The answer is also consistent with secure information that the Joint Commission was originally intended to be set up as a forum to address concerns by Iran that sanctions-lifting happens as it should. That would explain why, as the answer says, there have been no meetings of the Joint Commission so far.

But what happens if Iran balks and the IAEA - after discussion with the powers and Iran at the expert level - fails to resolve significant PMD issues? What the State Department said would be consistent with our suggestion from January that ultimately a political decision would made whether an unresolved issue might, in fact, be declared sufficiently addressed. That decision would not happen in the trenches of the IAEA Department of Safeguards but at the top and only after high-level consultations including, presumably, IAEA Director General Yukiya Amano himself–although the State Department did not mention the IAEA in this regard:  …Any compliance issues would [first be dealt with] at the expert level, and then come up to the political directors and up to foreign ministers if needed.

There you have it.

But is my suggestion that critical PMD matters might not be solved by Iran’s simply answering the IAEA’s questions just mean-spirited grist to the mill of those in Washington and elsewhere who haven’t joined the bandwagon on the Iran deal? Hardly.

On February 3, Iran’s Foreign Minister, Javad Zarif, visited the German Council of Foreign Relations in Berlin. Zarif explained to us that Iran has no aim or interest in having nuclear weapons. In fact, he said that the credibility of Iran’s regime was founded upon Iran not having such an ambition or interest. That’s the crux. If the credibility of Iran’s regime rests on its disavowal of nuclear arms, then any admission by Iran to the IAEA that the Islamic Republic of Iran has been engaged in nuclear weapons-related research or experiments–which prima facie would have to be reported to the Board of Governors–would severely damage the regime’s reputation. Shia theology might imply that nuclear weapons are sinful, but the IAEA’s dossier poses a potential major credibility problem. For Iran at any point to admit that it worked on nuclear weapons would be an order of magnitude more significant than Iran admitting, as it did in 2003, to having failed to declare to the IAEA a flurry of nuclear activities which could be justified by Iran’s peaceful nuclear program.

Beginning last November, the IAEA has joined the powers in a strategy of moving forward in “resolution of past and present issues of concern” by picking low-hanging fruit first. That’s spelled out in the Framework for Cooperation that the IAEA and Iran signed in Tehran. The two parties started building confidence by arranging visits to sites that probably don’t raise any show-stopper issues. They’ve now set forth a second set of seven issues they want to resolve. One of these–allegations that Iran has worked on developing detonators for nuclear explosives–was pulled out of the IAEA’s PMD dossier with the deliberate intention of getting the resolution on PMD matters moving.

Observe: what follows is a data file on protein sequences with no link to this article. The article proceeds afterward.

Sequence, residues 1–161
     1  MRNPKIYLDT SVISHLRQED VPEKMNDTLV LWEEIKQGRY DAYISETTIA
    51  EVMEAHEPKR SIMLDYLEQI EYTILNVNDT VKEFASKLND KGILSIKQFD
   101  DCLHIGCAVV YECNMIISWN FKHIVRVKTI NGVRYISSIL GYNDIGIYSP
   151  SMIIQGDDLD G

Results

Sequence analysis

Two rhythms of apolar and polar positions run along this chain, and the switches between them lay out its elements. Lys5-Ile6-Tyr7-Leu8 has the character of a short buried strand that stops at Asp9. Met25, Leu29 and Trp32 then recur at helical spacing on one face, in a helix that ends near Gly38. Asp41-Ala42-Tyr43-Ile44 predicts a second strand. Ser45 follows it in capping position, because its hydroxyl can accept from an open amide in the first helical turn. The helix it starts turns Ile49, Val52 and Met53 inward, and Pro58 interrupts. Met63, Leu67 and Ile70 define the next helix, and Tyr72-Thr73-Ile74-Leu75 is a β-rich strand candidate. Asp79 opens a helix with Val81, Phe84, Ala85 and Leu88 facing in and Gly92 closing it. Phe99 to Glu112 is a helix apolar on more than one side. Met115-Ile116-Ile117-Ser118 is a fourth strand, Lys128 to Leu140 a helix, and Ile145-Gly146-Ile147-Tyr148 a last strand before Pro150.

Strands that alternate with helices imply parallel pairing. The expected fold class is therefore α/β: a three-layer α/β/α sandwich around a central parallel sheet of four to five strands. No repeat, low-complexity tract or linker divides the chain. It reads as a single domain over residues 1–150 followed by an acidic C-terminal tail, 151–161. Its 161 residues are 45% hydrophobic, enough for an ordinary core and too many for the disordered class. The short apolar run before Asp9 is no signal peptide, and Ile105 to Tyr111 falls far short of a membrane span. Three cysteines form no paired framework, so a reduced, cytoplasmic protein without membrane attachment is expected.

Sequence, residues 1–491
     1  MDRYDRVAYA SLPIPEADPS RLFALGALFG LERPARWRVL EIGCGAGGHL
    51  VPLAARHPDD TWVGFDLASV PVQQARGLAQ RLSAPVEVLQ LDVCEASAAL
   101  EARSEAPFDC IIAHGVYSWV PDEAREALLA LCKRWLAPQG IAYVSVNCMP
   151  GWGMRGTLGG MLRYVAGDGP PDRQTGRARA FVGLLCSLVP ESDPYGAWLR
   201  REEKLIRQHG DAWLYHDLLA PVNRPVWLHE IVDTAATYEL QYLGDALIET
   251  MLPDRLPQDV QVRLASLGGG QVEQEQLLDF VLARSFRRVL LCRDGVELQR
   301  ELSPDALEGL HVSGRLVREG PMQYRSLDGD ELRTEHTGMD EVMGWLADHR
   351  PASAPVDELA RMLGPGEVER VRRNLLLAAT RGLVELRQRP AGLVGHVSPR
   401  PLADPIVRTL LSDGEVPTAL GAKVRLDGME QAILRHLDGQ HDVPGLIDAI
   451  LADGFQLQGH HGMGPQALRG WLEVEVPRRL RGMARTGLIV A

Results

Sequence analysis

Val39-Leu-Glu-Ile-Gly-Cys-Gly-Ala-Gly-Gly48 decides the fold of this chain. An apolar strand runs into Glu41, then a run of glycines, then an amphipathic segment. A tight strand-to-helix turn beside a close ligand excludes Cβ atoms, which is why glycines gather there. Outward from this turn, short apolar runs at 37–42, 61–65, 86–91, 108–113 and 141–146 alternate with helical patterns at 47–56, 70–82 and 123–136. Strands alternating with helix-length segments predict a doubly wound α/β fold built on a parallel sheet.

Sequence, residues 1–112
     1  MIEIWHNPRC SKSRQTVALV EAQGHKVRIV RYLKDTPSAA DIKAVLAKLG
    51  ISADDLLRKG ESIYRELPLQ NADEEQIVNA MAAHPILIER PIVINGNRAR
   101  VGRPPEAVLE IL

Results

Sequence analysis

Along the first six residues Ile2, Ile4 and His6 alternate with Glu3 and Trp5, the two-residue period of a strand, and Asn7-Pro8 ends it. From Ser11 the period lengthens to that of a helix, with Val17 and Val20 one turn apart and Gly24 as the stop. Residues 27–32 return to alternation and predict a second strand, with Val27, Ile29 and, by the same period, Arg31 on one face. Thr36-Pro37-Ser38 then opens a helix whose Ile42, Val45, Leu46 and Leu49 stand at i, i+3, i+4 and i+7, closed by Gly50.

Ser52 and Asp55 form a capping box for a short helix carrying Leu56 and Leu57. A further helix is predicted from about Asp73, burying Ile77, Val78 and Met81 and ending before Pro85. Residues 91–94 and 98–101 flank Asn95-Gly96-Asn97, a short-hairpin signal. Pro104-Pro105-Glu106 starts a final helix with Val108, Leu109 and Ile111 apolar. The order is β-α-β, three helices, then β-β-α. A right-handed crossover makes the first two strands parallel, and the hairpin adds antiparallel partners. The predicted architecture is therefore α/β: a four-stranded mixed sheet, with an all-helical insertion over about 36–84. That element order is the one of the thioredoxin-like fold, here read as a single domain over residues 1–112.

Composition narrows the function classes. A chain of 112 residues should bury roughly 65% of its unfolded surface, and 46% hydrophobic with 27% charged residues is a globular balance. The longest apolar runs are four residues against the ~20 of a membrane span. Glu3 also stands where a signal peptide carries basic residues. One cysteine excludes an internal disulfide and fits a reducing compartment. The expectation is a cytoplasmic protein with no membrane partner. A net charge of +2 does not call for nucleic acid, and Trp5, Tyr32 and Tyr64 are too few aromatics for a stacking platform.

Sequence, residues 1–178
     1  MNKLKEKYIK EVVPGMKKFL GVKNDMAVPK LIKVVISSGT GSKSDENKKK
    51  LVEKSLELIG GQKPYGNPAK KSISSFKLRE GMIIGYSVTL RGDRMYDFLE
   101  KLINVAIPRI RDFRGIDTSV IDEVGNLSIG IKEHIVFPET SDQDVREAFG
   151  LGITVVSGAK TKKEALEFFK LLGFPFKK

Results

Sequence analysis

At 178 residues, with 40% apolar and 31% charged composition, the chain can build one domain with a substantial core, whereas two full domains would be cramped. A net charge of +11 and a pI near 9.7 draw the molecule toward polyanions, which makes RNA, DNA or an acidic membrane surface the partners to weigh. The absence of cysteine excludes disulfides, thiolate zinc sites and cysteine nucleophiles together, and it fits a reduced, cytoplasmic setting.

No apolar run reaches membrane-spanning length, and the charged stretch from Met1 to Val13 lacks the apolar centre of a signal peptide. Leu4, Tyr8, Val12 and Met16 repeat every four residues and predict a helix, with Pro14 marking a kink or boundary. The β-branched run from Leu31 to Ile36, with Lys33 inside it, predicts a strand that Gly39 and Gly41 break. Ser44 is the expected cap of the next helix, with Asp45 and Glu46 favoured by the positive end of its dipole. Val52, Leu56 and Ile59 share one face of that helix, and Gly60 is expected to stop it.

At the Munich Security Conference on February 2, during a somewhat misinformed interchange with a German newspaper editor, Amano seemed to imply that the IAEA was keen to probe further Iran’s previous experiments with polonium that might have been related to PMD, since Po-210 can be used for directed neutron initiation. There are in fact nuclear detonator-related issues to resolve in the IAEA’s PMD file, but unless there is new and undisclosed information, polonium can hardly be the most important of these.  For several years, Iran’s polonium experiments have not been on the IAEA’s front burner.

A few commentators therefore have opined this month that Amano was amiss in mentioning the agency’s interest in polonium. But in fact after Amano took the bait in Munich, the mini-media frenzy which followed advanced a possible civilian explanation for Iran’s electronic bridgewire experiments–development of detonation technology for Iran’s oil and gas industry–which Iran may well put forth before Amano reports next to the Board of Governors. If Iran explains this work to the IAEA on these grounds, and if Amano accepts that explanation, Iran and the IAEA will then move on to the next PMD issue.

Addressing the detonation issue will bring Amano and Iran to Parchin–a location where member-state information suggests Iran has carried out suspicious neutron-generation experiments. Some important member states have long considered the IAEA’s prioritizing of getting renewed access to Parchin to be counterproductive, especially since Iran has meanwhile scrubbed that site clean. Following discussions with the U.S. and other member states last fall leading up to the November 11 agreement with Iran, and in line with the coordinated low-hanging-fruit strategy, Amano has accommodated the powers and walked back the IAEA’s approach to getting information about this site. If Iran’s answers to the IAEA’s questions about what happened at that site are in the view of the IAEA not sufficient, then, as the State Department implied this week, the problem would be aired at the “expert level” first and if not resolved there, Iran and the powers would count on “political directors and foreign ministers if needed” to try to finesse it.

This article was originally published in Arms Control Wonk.